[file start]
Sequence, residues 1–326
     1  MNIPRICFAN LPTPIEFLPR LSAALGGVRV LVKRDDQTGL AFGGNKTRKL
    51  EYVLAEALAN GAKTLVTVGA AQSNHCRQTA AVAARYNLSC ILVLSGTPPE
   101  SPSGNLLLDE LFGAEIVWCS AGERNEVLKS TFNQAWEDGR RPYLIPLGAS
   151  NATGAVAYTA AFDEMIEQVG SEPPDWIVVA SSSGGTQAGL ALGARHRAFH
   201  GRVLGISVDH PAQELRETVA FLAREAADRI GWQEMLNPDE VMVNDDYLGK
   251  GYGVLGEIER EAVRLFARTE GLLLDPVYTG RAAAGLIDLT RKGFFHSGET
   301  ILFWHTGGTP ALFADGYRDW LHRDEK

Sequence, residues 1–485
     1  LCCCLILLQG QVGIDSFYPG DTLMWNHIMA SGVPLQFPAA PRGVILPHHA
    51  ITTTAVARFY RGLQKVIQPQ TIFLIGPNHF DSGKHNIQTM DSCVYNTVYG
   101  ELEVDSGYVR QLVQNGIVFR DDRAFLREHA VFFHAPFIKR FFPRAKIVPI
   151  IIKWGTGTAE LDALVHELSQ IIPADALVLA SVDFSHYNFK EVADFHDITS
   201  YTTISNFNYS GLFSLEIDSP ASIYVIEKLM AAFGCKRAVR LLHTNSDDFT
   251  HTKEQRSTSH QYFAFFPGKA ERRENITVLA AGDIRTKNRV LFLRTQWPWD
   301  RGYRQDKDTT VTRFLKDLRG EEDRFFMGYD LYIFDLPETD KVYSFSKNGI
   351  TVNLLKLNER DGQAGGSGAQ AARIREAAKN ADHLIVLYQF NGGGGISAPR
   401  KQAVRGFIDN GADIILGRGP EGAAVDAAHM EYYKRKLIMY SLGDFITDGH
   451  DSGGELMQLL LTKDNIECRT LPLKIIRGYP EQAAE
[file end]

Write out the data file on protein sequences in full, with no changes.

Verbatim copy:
Sequence, residues 1–326
     1  MNIPRICFAN LPTPIEFLPR LSAALGGVRV LVKRDDQTGL AFGGNKTRKL
    51  EYVLAEALAN GAKTLVTVGA AQSNHCRQTA AVAARYNLSC ILVLSGTPPE
   101  SPSGNLLLDE LFGAEIVWCS AGERNEVLKS TFNQAWEDGR RPYLIPLGAS
   151  NATGAVAYTA AFDEMIEQVG SEPPDWIVVA SSSGGTQAGL ALGARHRAFH
   201  GRVLGISVDH PAQELRETVA FLAREAADRI GWQEMLNPDE VMVNDDYLGK
   251  GYGVLGEIER EAVRLFARTE GLLLDPVYTG RAAAGLIDLT RKGFFHSGET
   301  ILFWHTGGTP ALFADGYRDW LHRDEK

Sequence, residues 1–485
     1  LCCCLILLQG QVGIDSFYPG DTLMWNHIMA SGVPLQFPAA PRGVILPHHA
    51  ITTTAVARFY RGLQKVIQPQ TIFLIGPNHF DSGKHNIQTM DSCVYNTVYG
   101  ELEVDSGYVR QLVQNGIVFR DDRAFLREHA VFFHAPFIKR FFPRAKIVPI
   151  IIKWGTGTAE LDALVHELSQ IIPADALVLA SVDFSHYNFK EVADFHDITS
   201  YTTISNFNYS GLFSLEIDSP ASIYVIEKLM AAFGCKRAVR LLHTNSDDFT
   251  HTKEQRSTSH QYFAFFPGKA ERRENITVLA AGDIRTKNRV LFLRTQWPWD
   301  RGYRQDKDTT VTRFLKDLRG EEDRFFMGYD LYIFDLPETD KVYSFSKNGI
   351  TVNLLKLNER DGQAGGSGAQ AARIREAAKN ADHLIVLYQF NGGGGISAPR
   401  KQAVRGFIDN GADIILGRGP EGAAVDAAHM EYYKRKLIMY SLGDFITDGH
   451  DSGGELMQLL LTKDNIECRT LPLKIIRGYP EQAAE